That’s No Moon: 3 Things You Need To Know About Google Universal Analytics
In the pivotal scene of one of the greatest movies of all time, Star Wars, Davish “Pops” Krail and his squad of Y-wings are making a run in the trenches of the Death Star, when suddenly bolts of lasers tear through two of his squadmates.
“Lost Tiree, lost Dutch,” Pops manages, “They came from…behind,” he blurts out just before meeting a similar fate.
Universal Analytics isn’t exactly like making a run in the trenches of the Death Star, but Google is arguably as powerful as the evil Empire and we’d hate for you to be caught unawares by one of Google’s updates. So let’s talk Universal Analytics.
Universal Analytics isn’t a new thing—but, like the Death Star, it’s soon going to be “fully operational,” and everyone will be required to use it in the near future. To find out more about this shift, I went to our own Gold (paid media) and Red (content marketing) leaders: Shawn and Krista, respectively.
1. Universal Analytics offers increased flexibility and simplified configuration
One of the key features of Universal Analytics is the increased ability to customize configurations. According Shawn, this will greatly improve our ability to adjust our tactics and strategies:
“The simplified configuration settings and the ability to create custom dimensions and metrics are not only going to help speed things up from a management stand point,” Shawn explains, “but we’re going to be able to customize the way we manage in order to account for specific business goals of a client—and that’s a big deal.”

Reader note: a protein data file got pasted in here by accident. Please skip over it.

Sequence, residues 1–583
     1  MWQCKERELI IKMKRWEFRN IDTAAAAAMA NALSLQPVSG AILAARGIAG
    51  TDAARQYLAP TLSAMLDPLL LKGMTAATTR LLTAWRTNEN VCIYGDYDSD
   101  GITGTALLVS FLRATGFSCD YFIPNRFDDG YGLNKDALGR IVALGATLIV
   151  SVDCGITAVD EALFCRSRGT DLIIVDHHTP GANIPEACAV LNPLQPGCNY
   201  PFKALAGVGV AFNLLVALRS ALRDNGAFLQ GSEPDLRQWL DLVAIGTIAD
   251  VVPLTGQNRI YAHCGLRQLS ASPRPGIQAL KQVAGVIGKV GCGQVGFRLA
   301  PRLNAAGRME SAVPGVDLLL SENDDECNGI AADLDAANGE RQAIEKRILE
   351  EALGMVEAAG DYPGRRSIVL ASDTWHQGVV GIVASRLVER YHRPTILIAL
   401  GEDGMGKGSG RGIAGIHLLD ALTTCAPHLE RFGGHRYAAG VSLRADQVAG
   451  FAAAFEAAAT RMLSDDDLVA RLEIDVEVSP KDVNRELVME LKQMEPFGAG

This level of simplicity and flexibility requires a little work, however, which brings me to our second point:
2. Migrating to Universal Analytics is resource –intensive
You’re not going to be able to capitalize on the good things Universal Analytics offers without devoting a little time and attention first. Krista iterates:
“Universal Analytics needs to be setup properly first and then it requires replacement of any and all existing Google Analytics code on your site. This code is completely new. It has more to offer, but this isn’t a quick upgrade.”
I asked Krista when a good time to upgrade might be: “If you’re planning a site redesign or an overhaul to your existing site that requires updated code in some way—that’d be a good time to make the shift.”
How about keywords? Will Universal Analytics bring that data back?
No, is the short answer, which is our last point:
3. Keywords are not returning
But don’t despair, Krista continues on:
“We won’t get keywords back, but there are more options to edit certain reports and change tracking settings to better reflect user behavior.”
So that’s good news.
We’ll have more updates in the near future as the shift towards requiring Universal Analytics approaches.